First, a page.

SALAMANCA, NY  – The word “concert” is a bit of a misnomer when it comes to Ringo Starr and His All Starr Band.

When the musicians take the stage, they don’t just perform a show; they provide a lesson in rock’n’roll with Professor Starr at the front of the class.

The band was in Western New York Saturday, and the classroom for its two-hour lesson was the Seneca Allegany Event Center.

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For much of the evening, Starr was the frontman, performing songs from his Beatles days, as well as from his solo career. But he was just as comfortable behind his drum set, keeping the beat at the back of the stage while his fellow band members took turns sharing the spotlight.

Todd Rundgren, sporting a bright green guitar, played his 1972 hit single “I Saw the Light” and grabbed a set of drumsticks to lead the band and the audience in a rousing rendition of “Bang the Drum All Day,” his 1983 anthem to the joys of avoiding work.

Keyboardist Gregg Rolie, who achieved great success with Journey, reached back to his earlier days with Santana for a trio of familiar tunes that included “Evil Ways,” “Black Magic Woman” and “Oye Como Va.” Rolie’s vocals and keyboard work were true to the originals, but Toto guitarist Steve Lukather added new life to the tunes, and Gregg Bissonette’s powerful drum work was reminiscent of Michael Shrieve’s iconic performance with Santana at the 1969 Woodstock festival.

Throughout the evening, Lukather stood out as a star among the All Starrs, but it was his words  – not his musicianship  –  that delivered the most significant message of the night. Echoing the sentiments of the other band members, he told the crowd what an honor it is to share the stage with Ringo, adding that if not for Ringo and the Beatles he and the other All Starrs would not have had careers in rock’n’roll.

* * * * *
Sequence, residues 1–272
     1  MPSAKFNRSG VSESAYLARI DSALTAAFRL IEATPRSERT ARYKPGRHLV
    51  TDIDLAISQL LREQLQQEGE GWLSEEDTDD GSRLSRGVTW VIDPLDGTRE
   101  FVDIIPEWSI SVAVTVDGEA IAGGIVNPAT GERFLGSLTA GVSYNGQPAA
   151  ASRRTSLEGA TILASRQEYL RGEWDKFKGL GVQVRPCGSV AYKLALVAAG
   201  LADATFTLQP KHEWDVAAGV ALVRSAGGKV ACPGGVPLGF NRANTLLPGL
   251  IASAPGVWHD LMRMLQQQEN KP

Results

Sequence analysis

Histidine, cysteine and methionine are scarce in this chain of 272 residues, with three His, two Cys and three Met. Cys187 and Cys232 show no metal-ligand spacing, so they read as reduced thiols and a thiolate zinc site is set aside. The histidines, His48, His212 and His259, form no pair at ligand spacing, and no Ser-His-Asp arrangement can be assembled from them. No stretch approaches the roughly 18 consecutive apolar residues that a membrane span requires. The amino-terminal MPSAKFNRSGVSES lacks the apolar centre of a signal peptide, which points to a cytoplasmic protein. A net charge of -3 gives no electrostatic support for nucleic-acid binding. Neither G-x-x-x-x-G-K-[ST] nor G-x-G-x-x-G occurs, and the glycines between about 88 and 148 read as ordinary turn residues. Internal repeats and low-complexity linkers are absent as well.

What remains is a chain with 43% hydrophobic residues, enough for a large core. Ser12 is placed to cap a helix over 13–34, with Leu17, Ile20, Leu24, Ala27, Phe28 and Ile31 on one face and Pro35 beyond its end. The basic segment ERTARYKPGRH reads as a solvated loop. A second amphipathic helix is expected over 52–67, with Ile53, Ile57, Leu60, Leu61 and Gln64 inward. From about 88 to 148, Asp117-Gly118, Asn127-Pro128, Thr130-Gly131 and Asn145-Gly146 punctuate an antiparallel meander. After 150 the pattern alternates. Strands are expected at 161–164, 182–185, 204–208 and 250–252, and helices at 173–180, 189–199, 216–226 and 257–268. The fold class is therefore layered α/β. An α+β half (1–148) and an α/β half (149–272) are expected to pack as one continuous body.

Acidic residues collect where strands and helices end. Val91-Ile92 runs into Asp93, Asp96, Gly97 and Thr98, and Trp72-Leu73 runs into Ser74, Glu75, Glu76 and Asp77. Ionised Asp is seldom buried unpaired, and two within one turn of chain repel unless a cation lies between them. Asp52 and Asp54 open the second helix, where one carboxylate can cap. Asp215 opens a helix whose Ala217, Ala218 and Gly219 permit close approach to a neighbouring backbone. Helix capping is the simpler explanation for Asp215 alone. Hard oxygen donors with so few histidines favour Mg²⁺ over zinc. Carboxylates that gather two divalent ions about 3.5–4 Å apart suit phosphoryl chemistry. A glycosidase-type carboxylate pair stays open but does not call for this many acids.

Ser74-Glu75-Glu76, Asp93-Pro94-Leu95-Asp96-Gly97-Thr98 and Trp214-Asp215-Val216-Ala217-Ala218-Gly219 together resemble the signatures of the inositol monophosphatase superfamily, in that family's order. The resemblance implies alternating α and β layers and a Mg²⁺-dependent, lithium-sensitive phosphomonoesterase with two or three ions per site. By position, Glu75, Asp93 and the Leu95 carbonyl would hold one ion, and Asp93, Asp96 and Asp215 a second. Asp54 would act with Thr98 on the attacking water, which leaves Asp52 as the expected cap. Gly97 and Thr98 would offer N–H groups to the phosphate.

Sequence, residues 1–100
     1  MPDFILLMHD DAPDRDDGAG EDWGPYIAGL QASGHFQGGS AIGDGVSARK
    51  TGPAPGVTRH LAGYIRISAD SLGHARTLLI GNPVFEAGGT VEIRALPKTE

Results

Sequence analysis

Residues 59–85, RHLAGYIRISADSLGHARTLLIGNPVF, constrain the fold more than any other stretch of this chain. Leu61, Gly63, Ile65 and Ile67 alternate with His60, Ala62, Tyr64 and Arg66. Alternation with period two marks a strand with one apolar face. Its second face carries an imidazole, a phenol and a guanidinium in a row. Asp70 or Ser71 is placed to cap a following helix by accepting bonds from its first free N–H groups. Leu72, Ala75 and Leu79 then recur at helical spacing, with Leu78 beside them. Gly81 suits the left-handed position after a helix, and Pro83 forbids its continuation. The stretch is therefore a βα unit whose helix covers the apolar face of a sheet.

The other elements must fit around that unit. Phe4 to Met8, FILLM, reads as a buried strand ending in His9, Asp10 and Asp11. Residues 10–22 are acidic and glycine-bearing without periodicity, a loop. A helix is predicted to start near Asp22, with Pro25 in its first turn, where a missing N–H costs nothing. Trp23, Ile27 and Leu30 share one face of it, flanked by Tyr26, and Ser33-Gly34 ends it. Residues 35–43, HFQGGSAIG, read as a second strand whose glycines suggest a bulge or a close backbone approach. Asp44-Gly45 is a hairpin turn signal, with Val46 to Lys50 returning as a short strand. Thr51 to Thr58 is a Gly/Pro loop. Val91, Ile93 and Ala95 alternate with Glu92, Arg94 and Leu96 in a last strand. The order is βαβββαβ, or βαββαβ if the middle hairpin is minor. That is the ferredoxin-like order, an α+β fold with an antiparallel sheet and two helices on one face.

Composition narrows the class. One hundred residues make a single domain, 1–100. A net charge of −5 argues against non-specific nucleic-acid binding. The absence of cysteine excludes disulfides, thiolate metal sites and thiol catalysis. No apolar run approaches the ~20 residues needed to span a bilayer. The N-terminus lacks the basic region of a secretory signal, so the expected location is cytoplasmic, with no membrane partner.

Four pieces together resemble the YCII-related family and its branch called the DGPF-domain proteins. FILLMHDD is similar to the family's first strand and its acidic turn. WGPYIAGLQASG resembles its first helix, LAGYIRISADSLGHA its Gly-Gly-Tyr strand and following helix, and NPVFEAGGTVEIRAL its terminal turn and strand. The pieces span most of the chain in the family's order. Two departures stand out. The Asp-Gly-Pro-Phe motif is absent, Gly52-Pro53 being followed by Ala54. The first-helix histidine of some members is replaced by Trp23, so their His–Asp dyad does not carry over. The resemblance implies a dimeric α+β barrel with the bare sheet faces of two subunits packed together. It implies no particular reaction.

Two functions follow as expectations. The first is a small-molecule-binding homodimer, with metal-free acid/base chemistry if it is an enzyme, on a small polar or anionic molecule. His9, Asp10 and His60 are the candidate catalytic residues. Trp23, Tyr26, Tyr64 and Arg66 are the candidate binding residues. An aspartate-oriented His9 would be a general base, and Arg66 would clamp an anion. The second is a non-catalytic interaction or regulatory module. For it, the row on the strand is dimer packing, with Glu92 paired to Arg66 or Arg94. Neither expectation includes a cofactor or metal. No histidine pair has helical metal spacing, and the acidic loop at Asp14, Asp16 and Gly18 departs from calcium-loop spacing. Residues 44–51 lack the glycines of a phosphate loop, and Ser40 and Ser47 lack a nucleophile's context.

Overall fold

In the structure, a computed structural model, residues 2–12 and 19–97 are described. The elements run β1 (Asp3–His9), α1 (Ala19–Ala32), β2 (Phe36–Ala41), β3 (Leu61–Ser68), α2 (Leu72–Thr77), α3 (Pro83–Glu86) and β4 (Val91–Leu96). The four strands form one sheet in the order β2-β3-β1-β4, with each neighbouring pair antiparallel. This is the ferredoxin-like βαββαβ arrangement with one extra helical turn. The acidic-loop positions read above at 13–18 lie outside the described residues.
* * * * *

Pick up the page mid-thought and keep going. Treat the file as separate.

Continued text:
Lukather’s words set the tone for the evening’s lesson in rock’n’roll. The All Starrs in Ringo’s band have gold albums, Grammy awards, commercial successes and unquestioned respect for their professionalism. Yet the thrill of sharing a stage with a Beatle was evident from their beaming faces, which shone brightest when they sang the parts that John, Paul and George sang on the original Beatle recordings of “Boys,” “What Goes On, “I Wanna Be Your Man” and “With a Little Help from My Friends.”

Ringo appeared just as excited to play and sing as the All Starrs took turns performing their own hits. He even looked quite at ease just tapping along to the melody as former Mr. Mister bassist/vocalist Richard Page added a softer touch to the evening with his performance of “You Are Mine” from his 2010 solo album “Peculiar Man.”

“You Are Mine” begins with a series of questions, one of which asks why John Lennon wrote about peace. The deceased Beatle was a big part of the lesson Ringo delivered to the audience. Before performing his solo hit “I’m the Greatest,” Ringo made sure to tell crowd that John wrote the song.

And the final portion of the concert, which featured Ringo reprising his lead vocals from “With a Little Help from My Friends” segued into Lennon’s “Give Peace a Chance,” which sounded every bit as relevant as it did when John wrote it in 1969.

Likewise, Ringo Starr has not lost his relevancy over the years, as evidenced by the rock’n’roll lesson he and his All Starr band provided.